A new benchmark in portable
By Gino Robair
|The HK Audio Elements modular PA system is available in various configurations.|
Portable PA technology has been a lifesaver for
mobile DJs and bands playing small venues. But
like most audio products, you get what you pay
for when it comes to sound quality.
HK Audio takes the high road with Elements,
a modular sound-reinforcement system made
of up to six parts that you can mix and match—a
600W power amp, a 600W powered subwoofer,
a 250W passive subwoofer, a 150W passive line
array of speakers, and a special speaker pole and
base. While HK Audio’s power amps alone are
more expensive than many low-end portable
PAs, Elements offers excellent audio fidelity and
is configurable for venues ranging in size from
coffee bars to moderate-sized houses of worship.
Look Ma, No Cables The first thing you’ll notice
with Elements is the lack of cables. The audio and
electrical connections between amps and speakers
are embedded within the poles using the company’s
E-Connect technology: Simply stack the speakers
onto the power amp and poles—each speaker
array has a connector on the top and bottom of
the unit—and you’re ready to go. You’ll still need
to patch a cable from your mixer to each power
amp and plug the amp’s IEC cables into the wall.
However, E-Connect makes the Elements
system easy to set up.
Each Class D power amp can deliver 600W
at 4 ohms. The EA600 ($599) can drive four
E435 Mid/High ($399) passive speaker arrays,
two arrays and an E110 passive 10" subwoofer
($699), or a pair of the passive subs. The E110
Sub A ($1,099 street) active subwoofer has
a 10" speaker and can power two E435s or a
passive sub. Both power modules have a hole
in top that accepts the EP1 pole ($99), while
the powered sub also has an E-Connect hole
on the side, so you can lay the sub horizontally.
Each power amp includes a 1/4"/XLRcombo
input, a through-port for routing the
input to additional power amps, a Speakon
speaker output, a –10/+4 input sensitivity
switch, and a built-in limiter with indicator
light. Considering their output, the amps are
lightweight—the EA600 weighs a mere 6.1
lbs. while the E110 Sub A is about 42 lbs. The
remaining system part is the EF45 bass ($179),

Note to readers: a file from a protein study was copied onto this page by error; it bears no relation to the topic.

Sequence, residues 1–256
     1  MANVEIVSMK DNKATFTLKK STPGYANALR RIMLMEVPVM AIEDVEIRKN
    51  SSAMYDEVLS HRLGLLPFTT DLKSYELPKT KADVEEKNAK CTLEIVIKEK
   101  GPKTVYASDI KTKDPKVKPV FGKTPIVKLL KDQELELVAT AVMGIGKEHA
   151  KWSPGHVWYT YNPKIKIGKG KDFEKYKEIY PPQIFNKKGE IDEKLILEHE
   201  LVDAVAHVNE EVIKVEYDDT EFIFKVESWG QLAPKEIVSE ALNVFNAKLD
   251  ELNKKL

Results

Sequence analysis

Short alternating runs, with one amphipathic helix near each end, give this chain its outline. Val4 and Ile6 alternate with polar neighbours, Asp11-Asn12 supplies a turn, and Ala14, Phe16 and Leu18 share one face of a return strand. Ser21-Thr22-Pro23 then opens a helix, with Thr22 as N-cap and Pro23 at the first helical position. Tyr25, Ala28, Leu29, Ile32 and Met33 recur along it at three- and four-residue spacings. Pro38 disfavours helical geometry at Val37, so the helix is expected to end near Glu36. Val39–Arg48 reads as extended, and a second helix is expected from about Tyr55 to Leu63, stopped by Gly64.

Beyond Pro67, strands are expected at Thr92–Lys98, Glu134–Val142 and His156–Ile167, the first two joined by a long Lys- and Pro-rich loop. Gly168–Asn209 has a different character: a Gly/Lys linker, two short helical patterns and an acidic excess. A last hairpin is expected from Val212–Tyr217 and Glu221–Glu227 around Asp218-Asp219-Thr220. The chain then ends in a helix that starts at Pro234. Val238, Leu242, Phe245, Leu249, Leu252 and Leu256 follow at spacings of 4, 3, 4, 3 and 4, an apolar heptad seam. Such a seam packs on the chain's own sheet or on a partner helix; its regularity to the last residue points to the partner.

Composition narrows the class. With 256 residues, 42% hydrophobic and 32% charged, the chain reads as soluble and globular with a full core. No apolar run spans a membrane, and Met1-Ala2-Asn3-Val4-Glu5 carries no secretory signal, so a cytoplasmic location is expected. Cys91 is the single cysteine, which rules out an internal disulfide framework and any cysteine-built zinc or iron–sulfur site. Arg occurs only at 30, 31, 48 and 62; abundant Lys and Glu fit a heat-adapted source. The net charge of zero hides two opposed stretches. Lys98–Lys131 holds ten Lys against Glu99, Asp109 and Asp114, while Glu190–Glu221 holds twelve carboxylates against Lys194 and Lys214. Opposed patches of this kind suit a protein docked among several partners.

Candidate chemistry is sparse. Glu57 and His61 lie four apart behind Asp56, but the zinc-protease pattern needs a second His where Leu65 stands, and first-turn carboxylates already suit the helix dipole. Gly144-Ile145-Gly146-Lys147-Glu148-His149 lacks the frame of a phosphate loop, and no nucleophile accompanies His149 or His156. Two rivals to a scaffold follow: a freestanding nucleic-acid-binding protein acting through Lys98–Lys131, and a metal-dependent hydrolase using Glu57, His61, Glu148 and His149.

which can hold an EA600 power amp and
several speaker arrays.
The review system included two E110
active subs and four E435s, allowing me to
set up a dual mono or stereo configuration.
Each E435 holds four 3.5" speakers and weighs
5.2 lbs. Its overall frequency range is 140Hz
to 20kHz, with a 12dB/octave crossover at
140Hz. The powered sub has a frequency
range of 45Hz to 150Hz.
Assembling the review system took five
minutes. I placed the EP1 poles into each
subwoofer, making sure each locking button
was aligned, then I stacked the speakers on
top, aligning each of their locking buttons.
Next, I powered up the subs, plugged in my
audio source, and I was in business.
The pole’s usable length is 34 to 60 inches
once it’s inserted into the sub, allowing you
place the arrays over the audience to reach the
back of the room. With the pole fully extended,
the final height stretched 9 feet from floor to
the top of the second speaker array. You can
swivel the speakers about 45 degrees in either
direction without damaging the interior cables.
The arrays are more directional than the Bose
systems I’ve heard, but I prefer the narrow
directionality, which resulted in less feedback
at high volume.
The resulting PA tower is very stable and
light enough to move if you need to adjust its
position. The upright subwoofer is 11 inches
wide, so the entire setup takes up much less
space onstage than a system with tripods.
And it looks more elegant because there’s less
exposed cabling in the system.
The only issue I had with setup was getting
the locking button on one of the subs to go
into the hole of the pole. However, the audio
and electrical connections were secure, and it
didn’t affect the system’s performance.
Crankin’ Cabinets I used the review
system to rehearse a rock band, as a PA for
an acoustic group in a small club, and as
sound reinforcement for an exercise class.
Whether it was amplified acoustic guitars,
vocal mics, or CD and MP3 playback, the
sound was clear and well balanced, without
the excessive midrange I’m used to hearing
from inexpensive portable systems. Even
with a considerably high input level from my
mixer, the system sounded great. And for a
street price just shy of $2,000 per channel, it
The inputs accept balanced and
unbalanced 1/4" cables, so if you don’t
have a mixer, you can just plug your linelevel
media player in directly. However,
you’ll have more control over the sound
using a mixer.
The E435 and E110 Sub A are easy to lift
and carry, but the speaker arrays are somewhat
vulnerable. To protect them when traveling,
HK Audio offers soft cases that hold four of the
units and one pole. Cases and covers are also
available for the power amps.
Hit the Road As a modular system, Elements
lets you create a PA that meets your exact
needs, while allowing you to add modules as
the size of your audience increases. And it’s a
system worth considering if sound quality is as
important to you as portability.
STRENGTHS: Powerful for its size.
Lightweight. Excellent sound quality.
LIMITATIONS: Pole locks may
require a bit of finessing to lock
Components start at $399